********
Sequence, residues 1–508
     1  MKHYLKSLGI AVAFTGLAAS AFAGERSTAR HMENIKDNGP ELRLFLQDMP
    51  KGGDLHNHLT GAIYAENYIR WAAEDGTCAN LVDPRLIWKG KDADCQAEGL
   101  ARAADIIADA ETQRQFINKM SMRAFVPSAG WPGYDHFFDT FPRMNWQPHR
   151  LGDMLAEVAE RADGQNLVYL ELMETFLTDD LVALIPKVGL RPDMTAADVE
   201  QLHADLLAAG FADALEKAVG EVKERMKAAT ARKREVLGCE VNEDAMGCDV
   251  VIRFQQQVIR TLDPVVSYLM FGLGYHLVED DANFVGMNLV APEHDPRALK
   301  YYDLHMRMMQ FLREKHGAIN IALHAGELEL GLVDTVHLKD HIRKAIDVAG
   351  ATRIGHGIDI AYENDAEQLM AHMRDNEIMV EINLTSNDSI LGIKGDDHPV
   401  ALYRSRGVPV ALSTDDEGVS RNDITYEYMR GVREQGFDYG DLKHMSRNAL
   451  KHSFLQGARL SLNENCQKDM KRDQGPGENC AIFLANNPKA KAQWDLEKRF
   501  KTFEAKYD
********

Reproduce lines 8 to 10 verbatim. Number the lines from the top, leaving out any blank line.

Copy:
   301  YYDLHMRMMQ FLREKHGAIN IALHAGELEL GLVDTVHLKD HIRKAIDVAG
   351  ATRIGHGIDI AYENDAEQLM AHMRDNEIMV EINLTSNDSI LGIKGDDHPV
   401  ALYRSRGVPV ALSTDDEGVS RNDITYEYMR GVREQGFDYG DLKHMSRNAL